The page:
integral domain

A unital ring $R$ is an **integral domain** (or simply domain) if it is nontrivial and the multiplicative submonoid $R \backslash \{0\}$ is a cancellative monoid (i.e., $1 \neq 0$ and left and right multiplication by $c$ is injective if $c \neq 0$, which may be combined as left and right multiplication by $c$ is injective if and only if $c \neq 0$)

Some authors require an integral domain to be commutative, even when they do not require this of rings in general. Commutative integral domains are precisely subrings of fields.

A unital ring $R$ is an **integral domain** (or simply domain) if it is nontrivial and has no non-zero zero divisors (i.e., $1 \ne 0$ and $a b = 0$ implies $a = 0$ or $b = 0$).

In this definition, the trivial ring is too simple to be an integral domain. You can see this by phrasing this definition without bias as: any product of (finitely many) nonzero elements of $R$ (which includes the empty product $1$) must be nonzero.

in constructive mathematics, there are different inequivalent ways to define an integral domain

If we replace “left and right multiplication by $c$ is injective iff $c$ is nonzero” in the above definition by “left and right multiplication by $c$ is injective xor $c$ is zero” (which is equivalent in classical logic but stronger in constructive logic), then we obtain the notion of **discrete integral domain**. This condition implies that $0 \neq 1$.

Such an integral domain $D$ is ‘discrete’ in that it decomposes as a coproduct $D = \{0\} \sqcup D^\times$ (where $D^\times$ is the submomoid of $D$ that is cancellative). An advantage is that this is a coherent theory and hence also a geometric theory. A disadvantage is that this axiom is not satisfied (constructively) by the ring of real numbers (however these are defined), although it is satisfied by the ring of integers and the ring of rationals.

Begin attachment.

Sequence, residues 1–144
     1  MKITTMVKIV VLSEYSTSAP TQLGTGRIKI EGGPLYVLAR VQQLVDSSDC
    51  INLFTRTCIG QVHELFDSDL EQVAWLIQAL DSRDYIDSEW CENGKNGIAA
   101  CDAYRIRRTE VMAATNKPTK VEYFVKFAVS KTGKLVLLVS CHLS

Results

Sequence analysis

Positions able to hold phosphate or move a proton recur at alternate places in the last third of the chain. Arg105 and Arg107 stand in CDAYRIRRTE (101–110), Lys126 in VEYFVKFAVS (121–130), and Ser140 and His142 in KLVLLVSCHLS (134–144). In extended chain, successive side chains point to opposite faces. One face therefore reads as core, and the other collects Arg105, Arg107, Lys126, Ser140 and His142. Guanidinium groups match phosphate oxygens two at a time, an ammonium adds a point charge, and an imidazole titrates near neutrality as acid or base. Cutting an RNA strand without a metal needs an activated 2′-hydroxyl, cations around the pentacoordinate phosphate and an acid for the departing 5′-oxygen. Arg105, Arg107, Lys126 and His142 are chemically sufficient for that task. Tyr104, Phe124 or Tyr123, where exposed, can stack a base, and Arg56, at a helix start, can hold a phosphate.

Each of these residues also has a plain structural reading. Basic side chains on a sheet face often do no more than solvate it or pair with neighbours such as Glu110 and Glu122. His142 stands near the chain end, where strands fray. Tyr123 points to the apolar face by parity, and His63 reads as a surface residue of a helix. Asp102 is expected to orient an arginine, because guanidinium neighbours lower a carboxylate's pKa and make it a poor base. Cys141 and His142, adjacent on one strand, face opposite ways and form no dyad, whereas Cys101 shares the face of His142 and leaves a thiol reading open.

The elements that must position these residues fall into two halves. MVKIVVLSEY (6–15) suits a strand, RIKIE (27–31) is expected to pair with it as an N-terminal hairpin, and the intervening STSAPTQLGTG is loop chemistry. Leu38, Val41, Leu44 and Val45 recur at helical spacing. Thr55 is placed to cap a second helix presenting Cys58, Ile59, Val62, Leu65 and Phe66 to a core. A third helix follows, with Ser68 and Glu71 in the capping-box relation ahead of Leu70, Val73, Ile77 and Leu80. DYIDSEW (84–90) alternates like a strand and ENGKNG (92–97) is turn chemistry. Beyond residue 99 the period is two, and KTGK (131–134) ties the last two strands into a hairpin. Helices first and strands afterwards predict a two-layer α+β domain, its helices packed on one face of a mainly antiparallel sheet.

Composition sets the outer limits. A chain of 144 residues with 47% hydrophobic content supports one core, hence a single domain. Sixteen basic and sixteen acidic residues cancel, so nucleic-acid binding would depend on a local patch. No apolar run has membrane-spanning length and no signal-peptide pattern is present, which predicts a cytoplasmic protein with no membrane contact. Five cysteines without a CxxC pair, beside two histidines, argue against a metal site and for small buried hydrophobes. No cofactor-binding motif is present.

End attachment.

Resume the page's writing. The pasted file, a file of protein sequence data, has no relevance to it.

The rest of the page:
If we interpret ‘nonzero’ as a reference to a tight apartness relation $\#$, thus defining the apartness relation $\#$ by $x#y$ if left and right multiplication by $x - y$ is injective, then we obtain the notion of **Heyting integral domain**. (As shown here, the ring operations become strongly extensional functions). It follows that every element apart from $0$ is not a zero divisor.

This is how ‘practising’ constructive analysts of the Bishop school usually define the simple word ‘integral domain’.

An advantage is that the (located Dedekind) real numbers form a Heyting integral domain. A disadvantage is that this is not a coherent axiom and so cannot be internalized in as many categories.

Of course, if the underlying set of the ring has decidable equality —as is true of $\mathbf{Z}$, $\mathbf{Q}$, $\mathbf{Z}/n$, finite fields, etc— then a Heyting integral domain is a discrete integral domain.

An integral domain $R$ is an **Ore domain** if the set of all nonzero elements is an Ore set in $R$. In that case the Ore localized ring is called the *Ore quotient ring?* of $R$.

For example, the ring of integers, any skewfield, the ring of global sections of the structure sheaf of any integral scheme, an Ore extension of any other integral domain.

In principle, one could just as easily consider a rig or semiring $R$. In that case, however, only the definition involving the cancellative property extends to rigs and semirings. Furthermore, we should add the additional requirement that addition in $R$ is cancellable (that is, addition by any element is injective), to make the analogue of the previous paragraph correct. Since ‘integral domain’ is too specific and ‘integral ring’ is not standard (and means something else in the phrase ‘integral ring extension’), it's not clear exactly what these should be called; perhaps *integral cancellable rig/semiring* is sufficiently unambiguous.

Last revised on May 21, 2021 at 14:47:23. See the history of this page for a list of all contributions to it.